A 150 TONNE cliff landslide that 'sounded like an earthquake' has resulted in part of Penarth beach being cordoned off.
Coastguards said it was a lucky escape that nobody was hurt as rocks crumbled down on to the beach.
The landslide happened around 1pm earlier today, April 13, near where the former multi-storey car park was based, in between Penarth Pier and the Custom House.
At the time of the incident hundreds of people were enjoying the sunny weather by walking along the beach.
One woman, who was walking along the beach with her husband and two grandchildren, recorded the dramatic footage on her mobile phone.
It was thanks to her footage that the fire service didn't spend hours clearing through the rocks as they could confirm that nobody was trapped by the landslide.
Angela Gwyn, who was visiting Penarth from Cwmbran, said: "We saw a couple of bits fall down and that wasn't unusual, but then bigger bits started falling down."
Angela, who was with her husband and four-year-old Ryan and two-year-old Leon, added that she became concerned when bigger bits of rock joined the landslide.
"I just grabbed them and ran," she said.
"It sounded a bit like an earthquake when it was all rushing down."
Coastguards, the fire service and police all attended the scene and closed off the area from the Custom House to Penarth Pier.
Penarth Fire Station green watch manager Colin Pritchard, who was one of the first on the scene, said: "150 tonne of rock came down in a cliff landslide.
"There were no persons in the vicinity, but the fire service were assisted by the coastguard and police to secure the area.
"We are now going to check the stability of the cliff with the help of the local authority."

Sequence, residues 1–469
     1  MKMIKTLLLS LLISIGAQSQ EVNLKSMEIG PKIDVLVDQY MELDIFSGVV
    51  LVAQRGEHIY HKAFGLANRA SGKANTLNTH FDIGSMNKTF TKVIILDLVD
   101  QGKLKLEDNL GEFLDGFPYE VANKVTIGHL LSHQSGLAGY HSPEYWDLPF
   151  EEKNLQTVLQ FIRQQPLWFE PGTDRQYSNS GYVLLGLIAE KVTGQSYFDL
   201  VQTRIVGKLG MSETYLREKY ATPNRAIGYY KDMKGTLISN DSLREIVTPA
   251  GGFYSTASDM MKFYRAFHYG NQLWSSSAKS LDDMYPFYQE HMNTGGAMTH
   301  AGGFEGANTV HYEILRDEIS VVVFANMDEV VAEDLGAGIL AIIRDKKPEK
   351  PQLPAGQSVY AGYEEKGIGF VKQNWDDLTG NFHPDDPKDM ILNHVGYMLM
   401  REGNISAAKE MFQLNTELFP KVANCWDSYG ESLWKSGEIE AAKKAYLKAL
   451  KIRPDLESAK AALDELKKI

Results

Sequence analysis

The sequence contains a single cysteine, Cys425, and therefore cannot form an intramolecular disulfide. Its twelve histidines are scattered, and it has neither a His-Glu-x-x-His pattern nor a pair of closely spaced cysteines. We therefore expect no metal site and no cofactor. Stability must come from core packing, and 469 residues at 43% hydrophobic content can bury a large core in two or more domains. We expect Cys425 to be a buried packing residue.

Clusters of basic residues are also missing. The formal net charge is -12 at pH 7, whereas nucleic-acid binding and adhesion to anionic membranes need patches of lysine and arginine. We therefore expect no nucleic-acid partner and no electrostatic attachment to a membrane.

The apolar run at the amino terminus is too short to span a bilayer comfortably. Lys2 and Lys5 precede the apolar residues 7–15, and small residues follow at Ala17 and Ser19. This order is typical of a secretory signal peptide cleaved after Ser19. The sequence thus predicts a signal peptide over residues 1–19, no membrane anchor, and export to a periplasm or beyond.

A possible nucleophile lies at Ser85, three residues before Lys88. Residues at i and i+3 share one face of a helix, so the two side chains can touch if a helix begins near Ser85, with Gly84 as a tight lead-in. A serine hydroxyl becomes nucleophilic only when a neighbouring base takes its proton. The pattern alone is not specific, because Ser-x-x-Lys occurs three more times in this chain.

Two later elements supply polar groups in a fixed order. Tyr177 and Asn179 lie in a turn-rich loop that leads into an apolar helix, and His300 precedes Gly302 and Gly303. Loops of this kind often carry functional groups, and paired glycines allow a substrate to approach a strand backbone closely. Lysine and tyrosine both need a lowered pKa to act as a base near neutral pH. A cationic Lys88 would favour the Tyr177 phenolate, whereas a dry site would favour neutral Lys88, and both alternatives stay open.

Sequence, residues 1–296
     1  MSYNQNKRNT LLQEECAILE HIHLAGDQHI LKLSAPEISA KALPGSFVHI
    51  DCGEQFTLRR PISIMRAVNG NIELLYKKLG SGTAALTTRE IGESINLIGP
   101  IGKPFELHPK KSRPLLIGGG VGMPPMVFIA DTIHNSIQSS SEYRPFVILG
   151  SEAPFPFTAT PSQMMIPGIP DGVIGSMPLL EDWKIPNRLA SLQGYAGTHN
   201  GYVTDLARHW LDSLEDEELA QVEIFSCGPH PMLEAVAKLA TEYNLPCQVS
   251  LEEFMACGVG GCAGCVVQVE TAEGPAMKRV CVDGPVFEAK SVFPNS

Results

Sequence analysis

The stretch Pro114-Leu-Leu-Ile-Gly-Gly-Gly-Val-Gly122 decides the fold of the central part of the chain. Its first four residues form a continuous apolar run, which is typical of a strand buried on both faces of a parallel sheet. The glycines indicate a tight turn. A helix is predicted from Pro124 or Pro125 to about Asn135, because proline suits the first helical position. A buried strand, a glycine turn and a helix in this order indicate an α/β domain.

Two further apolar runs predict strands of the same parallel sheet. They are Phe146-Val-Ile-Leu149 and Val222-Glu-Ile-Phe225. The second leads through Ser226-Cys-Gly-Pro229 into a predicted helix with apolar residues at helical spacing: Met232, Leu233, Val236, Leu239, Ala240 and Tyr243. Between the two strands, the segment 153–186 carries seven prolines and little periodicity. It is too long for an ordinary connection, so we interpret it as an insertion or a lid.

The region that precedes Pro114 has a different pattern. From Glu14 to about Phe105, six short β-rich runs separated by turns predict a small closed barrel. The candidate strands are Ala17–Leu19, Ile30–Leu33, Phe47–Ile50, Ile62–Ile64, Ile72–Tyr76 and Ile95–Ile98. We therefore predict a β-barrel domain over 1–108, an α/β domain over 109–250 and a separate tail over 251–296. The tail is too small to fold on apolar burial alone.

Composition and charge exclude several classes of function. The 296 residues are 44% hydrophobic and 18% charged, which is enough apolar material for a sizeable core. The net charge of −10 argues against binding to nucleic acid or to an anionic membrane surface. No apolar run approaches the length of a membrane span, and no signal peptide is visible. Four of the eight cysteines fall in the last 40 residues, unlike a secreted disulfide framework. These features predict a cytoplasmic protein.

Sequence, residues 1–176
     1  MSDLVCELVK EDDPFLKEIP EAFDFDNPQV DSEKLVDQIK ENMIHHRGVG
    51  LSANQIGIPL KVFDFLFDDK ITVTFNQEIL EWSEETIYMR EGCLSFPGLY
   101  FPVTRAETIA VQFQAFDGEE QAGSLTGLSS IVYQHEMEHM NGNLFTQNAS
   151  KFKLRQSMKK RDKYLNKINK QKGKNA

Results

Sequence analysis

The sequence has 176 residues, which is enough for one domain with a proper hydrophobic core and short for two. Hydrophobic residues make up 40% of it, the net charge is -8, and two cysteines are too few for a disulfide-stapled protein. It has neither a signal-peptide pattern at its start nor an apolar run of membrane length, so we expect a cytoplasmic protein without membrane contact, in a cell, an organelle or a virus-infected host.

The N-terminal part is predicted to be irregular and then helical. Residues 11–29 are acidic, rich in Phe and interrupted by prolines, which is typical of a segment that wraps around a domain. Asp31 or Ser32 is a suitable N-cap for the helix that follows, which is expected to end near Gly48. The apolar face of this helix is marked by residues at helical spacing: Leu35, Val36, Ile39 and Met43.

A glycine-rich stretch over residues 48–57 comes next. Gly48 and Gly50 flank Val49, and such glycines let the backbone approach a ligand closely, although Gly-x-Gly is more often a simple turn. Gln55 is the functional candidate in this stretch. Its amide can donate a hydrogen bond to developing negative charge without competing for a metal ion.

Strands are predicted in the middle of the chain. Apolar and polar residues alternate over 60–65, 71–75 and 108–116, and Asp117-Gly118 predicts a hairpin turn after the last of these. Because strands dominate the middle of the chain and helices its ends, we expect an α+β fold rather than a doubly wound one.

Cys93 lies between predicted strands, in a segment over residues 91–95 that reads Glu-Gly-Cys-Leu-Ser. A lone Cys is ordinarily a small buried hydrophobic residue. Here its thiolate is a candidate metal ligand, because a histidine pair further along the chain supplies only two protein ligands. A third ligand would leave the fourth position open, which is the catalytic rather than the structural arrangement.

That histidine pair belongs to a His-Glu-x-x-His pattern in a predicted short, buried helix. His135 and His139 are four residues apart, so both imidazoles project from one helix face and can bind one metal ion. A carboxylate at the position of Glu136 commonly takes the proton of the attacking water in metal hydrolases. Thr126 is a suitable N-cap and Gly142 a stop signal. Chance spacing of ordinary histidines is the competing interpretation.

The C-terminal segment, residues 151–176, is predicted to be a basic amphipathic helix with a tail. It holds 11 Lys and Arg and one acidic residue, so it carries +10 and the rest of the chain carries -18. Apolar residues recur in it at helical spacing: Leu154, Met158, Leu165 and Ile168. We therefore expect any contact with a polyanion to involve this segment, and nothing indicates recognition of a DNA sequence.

He added that the cause of the cliff landslide was likely to be weather related and that people should always stay a safe distance away from the cliff edge.
"All that rain dries out with a bit of sun in the gaps and then it crumbles down," he said.
"People really should stay at least the height of the cliff away from it, no matter what the weather or time of year.
"There's always bits falling off there but this time quite a lot came down."
Penarth Coastguard station officer Paul Gallone said it was a "lucky escape" that nobody was trapped by the landslide when the beach was so busy.
"Luckily someone saw it happen and could confirm there was nobody underneath it," he said.
"If not it could have been a different story and it would have been a rescue operation.
"It was lucky nobody was underneath there at the time."
He added that it wasn't unusual for cliff landslides in Penarth, but said that they usually happen nearer Lavernock Point.
"It's unusual as people don't usually congregate where it happens.
"The concern is now that people go there looking for fossils."
South Wales Fire Service group manager Graeme Smith said it was one of the biggest landslides he had seen for a while.
"The fire service urge people to stay a safe distance away from the cliff so they can view the beautiful Welsh coastline without any danger themselves.
He added that the woman that witnessed it was a "life saver" in terms of preventing the emergency services from spending hours going through the rocks.
He added that five appliances from the fire service, around 30 crew, as well as police, ambulance and Coastguards, meant that about 50 rescue operators attended the scene.
He added that he didn't think it had affected the coastal path above it.
The stability of the cliff will now be assessed by the Fire Service and the Vale of Glamorgan Council.